There are two critical temperatures to watch out for, they are approximately 225 degrees C and 575 degrees C. At these points the pot will expand when the kiln is being fired up, and will contract when it is cooling down. If your clay is unforgiving (and I suspect that is is), you may find breakage can occur at either of those points in the firing. My guess is that you were in trouble at 575 degrees.

    The other possible cause of trouble for you could be cold air leaking into the kiln as it is cooling. I did help someone once who kept losing pots, and it turned out that she always fired her electric kiln with the middle bung open. She got away with it until she switched to a different sort of clay, then she frequently got daunting cracks. When she took my advice to fire with the bung closed, she had no further trouble. With your kiln being gas, you could easily have air leakage around the burner ports, and if there was any gap in the chimney damper after you clam up the kiln at the end of the firing, cold air would travel through the kiln. If you can really seal off the burner ports after firing, you would rule out that potential issue.

    A couple of other problems could be, too fast a firing when the work was bisque fired (if it was), or some issues with raw glazing (if the pot was raw glazed).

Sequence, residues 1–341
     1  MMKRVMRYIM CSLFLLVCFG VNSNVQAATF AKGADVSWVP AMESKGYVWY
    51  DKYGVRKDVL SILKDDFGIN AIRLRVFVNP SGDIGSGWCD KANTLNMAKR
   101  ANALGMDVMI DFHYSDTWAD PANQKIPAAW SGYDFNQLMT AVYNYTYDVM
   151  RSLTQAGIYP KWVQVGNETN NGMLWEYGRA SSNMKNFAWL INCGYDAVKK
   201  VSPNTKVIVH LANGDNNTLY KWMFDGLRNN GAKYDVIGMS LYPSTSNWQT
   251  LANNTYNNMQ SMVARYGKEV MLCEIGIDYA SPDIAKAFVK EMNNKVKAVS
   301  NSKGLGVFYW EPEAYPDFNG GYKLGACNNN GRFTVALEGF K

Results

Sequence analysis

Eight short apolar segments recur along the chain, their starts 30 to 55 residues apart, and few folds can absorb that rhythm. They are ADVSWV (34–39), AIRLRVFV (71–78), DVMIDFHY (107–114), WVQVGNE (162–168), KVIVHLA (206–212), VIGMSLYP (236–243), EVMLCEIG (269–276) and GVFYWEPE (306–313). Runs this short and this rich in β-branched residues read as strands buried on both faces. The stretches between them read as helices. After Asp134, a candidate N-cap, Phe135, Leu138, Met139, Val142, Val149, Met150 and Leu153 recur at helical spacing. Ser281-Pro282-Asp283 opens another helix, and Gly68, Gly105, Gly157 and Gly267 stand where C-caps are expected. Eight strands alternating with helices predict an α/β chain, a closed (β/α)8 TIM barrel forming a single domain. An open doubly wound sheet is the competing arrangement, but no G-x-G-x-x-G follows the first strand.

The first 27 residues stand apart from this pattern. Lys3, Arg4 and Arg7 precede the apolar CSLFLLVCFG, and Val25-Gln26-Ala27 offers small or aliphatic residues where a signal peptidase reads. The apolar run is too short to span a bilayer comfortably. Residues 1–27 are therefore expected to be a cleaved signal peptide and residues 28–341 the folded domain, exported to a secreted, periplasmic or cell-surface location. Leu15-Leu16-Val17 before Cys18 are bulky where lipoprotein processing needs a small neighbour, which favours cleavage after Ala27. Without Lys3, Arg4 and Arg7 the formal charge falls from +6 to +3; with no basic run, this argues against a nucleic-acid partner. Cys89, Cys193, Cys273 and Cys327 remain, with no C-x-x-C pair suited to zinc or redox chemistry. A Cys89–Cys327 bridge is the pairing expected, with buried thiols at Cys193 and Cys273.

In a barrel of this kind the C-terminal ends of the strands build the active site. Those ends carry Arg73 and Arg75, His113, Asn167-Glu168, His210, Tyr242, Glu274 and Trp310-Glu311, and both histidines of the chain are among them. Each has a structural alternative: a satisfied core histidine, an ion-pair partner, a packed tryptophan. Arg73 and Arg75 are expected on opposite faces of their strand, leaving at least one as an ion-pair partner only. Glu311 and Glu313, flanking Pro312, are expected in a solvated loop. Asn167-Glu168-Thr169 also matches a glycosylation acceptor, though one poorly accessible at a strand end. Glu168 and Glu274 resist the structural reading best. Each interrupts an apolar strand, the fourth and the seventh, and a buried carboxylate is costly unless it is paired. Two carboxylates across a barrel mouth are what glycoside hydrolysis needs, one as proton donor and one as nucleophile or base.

Anyway, some thoughts for you to play with. Hope that it all sorts out for you soon..

    Kind Thoughts, P

  2. thanks peter, a whole bunch of thoughts to go on there....I really was following a firing cycle of much smaller pots so that need to be considered in the future and yes i usually fire my big works on low overnight before bringing up the temp in bisque or glaze....this is not my pot and i'm not sure of the bisque firing conditions either...will sort that info out this week...this kiln has a tendancy to jump when the big burner is brought in even when we wind back the gas pressure, so thats a problem...and the burner ports dont have any closing up mechanism i'll find some fibre to help with the flue I just used old kiln shelf across that, so it can be sealed better :)) thanks again peter!! I think you are right about the clay body too...